The Camino offered opportunities to experience the full arc of a day, a subtle but profound satisfaction I’ve been missing. When I began the pilgrimage in early October, the sun didn’t rise until after 8 a.m. That it was still dark so “late” was, at first, disconcerting but it meant I was already moving when the day was born, its birth accompanied by a colorgasmic burst that unfurled across the sky or more muted rays of yellows and blues that penetrated layer upon layer of clouds. That initial technicolor display was easily overlooked since we were walking west. And, just as quickly as the breathtaking colors appeared, they dissolved into the ether, returning the sky to a blank, blue canvas on which clouds and contrails commingled. There were many times I wished I could have stopped to observe the changing angle of the sun’s rays, the subtly shifting shades of blue and the final fireworks of red, pinks, oranges as the day died.
Catching the sunrise, some of which reminded me of impromptu abstract paintings, was what often motivated me to leave the albergues before others did. Usually they passed me as I, facing the opposite direction, snapped photograph after photograph, trying to freeze the ephemera for eternity while absorbing the beauty, like a nutrient, into my bones. Sometimes I gawked and pointed and proclaimed that they, too, should Stop! Turn! Look! Perhaps they thought of me as some kind of zealot, a passionate but pulpit-less preacher proclaiming that a new day had been born, a day unlike any that had come before and unlike any that would come again.
If I had a ministry, my message would not have been that the sun was the messiah whose daily death and rebirth was for our benefit, and they should at least get up to meet it, if not genuflect or prostrate themselves in front of it. Had I stepped onto a rock or one of the Camino’s many cement way marks and offered a sunrise sermon, it would have been a reminder — for myself, mostly, if not exclusively — to inhabit the moment, acknowledge nature’s fleeting beauty, and to remember that this, too, shall pass. If we’re not present, paying close attention or moving slowly, we might miss not only the day’s trajectory, but also our deepest intuitions and inklings. These, like the stripes and splotches of the morning sky, are revealed for short periods of time and, if we’re not there to receive them, can quickly fade or be eclipsed by our need to “get somewhere”.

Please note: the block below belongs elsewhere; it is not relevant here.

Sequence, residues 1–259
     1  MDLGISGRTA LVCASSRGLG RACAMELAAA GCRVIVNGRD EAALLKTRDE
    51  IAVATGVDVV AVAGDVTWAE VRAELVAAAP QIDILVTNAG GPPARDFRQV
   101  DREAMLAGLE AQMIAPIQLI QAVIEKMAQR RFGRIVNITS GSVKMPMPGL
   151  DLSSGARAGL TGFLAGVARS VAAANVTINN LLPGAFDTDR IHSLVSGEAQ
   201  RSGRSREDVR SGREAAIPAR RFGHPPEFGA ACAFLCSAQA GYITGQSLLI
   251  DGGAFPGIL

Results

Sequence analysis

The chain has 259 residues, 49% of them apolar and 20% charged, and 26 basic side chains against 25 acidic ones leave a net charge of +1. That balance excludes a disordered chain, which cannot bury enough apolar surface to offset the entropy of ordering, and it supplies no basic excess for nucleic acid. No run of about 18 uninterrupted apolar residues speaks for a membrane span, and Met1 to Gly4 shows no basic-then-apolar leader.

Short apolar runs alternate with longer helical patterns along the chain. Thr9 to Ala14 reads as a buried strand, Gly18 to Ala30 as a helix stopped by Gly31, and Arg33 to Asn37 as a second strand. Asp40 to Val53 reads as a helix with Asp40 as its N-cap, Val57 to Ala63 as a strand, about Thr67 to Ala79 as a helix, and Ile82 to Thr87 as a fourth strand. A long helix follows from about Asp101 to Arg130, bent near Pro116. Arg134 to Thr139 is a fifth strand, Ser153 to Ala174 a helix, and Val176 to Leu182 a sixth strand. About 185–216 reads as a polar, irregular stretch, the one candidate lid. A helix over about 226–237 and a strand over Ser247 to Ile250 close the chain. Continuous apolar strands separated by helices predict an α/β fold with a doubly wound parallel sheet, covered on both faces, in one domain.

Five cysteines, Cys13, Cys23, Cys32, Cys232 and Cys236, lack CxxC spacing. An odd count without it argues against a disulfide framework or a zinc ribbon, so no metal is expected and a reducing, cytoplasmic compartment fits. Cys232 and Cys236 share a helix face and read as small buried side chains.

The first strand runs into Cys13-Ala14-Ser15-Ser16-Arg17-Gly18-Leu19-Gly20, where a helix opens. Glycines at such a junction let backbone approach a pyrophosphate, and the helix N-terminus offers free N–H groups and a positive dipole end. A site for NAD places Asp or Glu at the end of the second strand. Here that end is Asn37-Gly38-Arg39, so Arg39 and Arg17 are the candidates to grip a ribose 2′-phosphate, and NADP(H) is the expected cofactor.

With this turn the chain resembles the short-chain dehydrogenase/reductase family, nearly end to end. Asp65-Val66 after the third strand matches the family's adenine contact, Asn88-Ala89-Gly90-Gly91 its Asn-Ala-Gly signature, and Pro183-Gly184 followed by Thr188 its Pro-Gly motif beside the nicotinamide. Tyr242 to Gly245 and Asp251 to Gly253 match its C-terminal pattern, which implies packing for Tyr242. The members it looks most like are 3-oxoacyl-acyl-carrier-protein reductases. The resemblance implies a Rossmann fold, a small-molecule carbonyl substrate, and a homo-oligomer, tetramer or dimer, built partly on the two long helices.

Indeed, that the sky looked different each day, that nature (with some human collaboration) did not repeat herself or try to replicate previous successes, was what made it worthwhile to get up, don my headlamp, and walk in darkness until the day’s canvas was revealed. Sometimes it looked as if a child had accidentally, and maybe gleefully, knocked over buckets of paint, the colors splashing across the firmament. Other times the design seemed more deliberate and sophisticated, with exquisite shading, or clouds that glowed pink and orange against a blue background. The result was always a surprise. When the show was over, I stowed my camera, turned around, and kept walking.
Often I wish I were like the sky, born again each morning as a blank canvas, untouched by the day, week, month, year or decade before, able to both willingly receive whatever is in store and then, at the end of the day, completely release it. Instead, I feel as though my work-in-progress canvas is, at times, not painted with bold enough colors or gestures, that layers of pale, timid strokes have built up into unsightly ridges and lumps. One of my attempts to “talk my walk”, to risk vulnerability in my expression, felt like digging out a rusty and dented paint can, shaking it and, upon prying off the lid with a screwdriver, having it splatter all over the place. Definitely not neat, and certainly not a masterpiece. I felt some shame that not only had I not been as eloquent as I had hoped, but also that I had waited two decades to express this one particular truth, as if I had violated a tacitly understood statute of limitations on revelation. For a few days I wondered why I had decided to communicate with this person, now a born again Christian, whose response to my overture included scripture (to his credit, for this Jewish gal he chose some Old Testament passages). And then I berated myself for forgetting that, in some respects, the person I once knew has been “dead” for awhile.
After composing a draft of this post in a tea house yesterday afternoon, I drove back to my temporary home as the sun was setting. I kept glancing in my rear view mirror to watch the colors change. Eventually, I pulled over to enjoy the spectacle unfolding above the glistening Rockies. A few clouds, like random and spontaneous dabs and dashes of pigment, hung boldly against the clear sky. I rolled down the window and snapped a photo as they blazed orange, then pink. I waited until they darkened to ash before driving on. To bear witness as the sun dipped below the horizon took only a few minutes, but it brought a measure of peace that had eluded me in recent days. There was nothing I could do about the spilled paint except rejoice that this particular can was finally open, a vibrant color to augment my palette.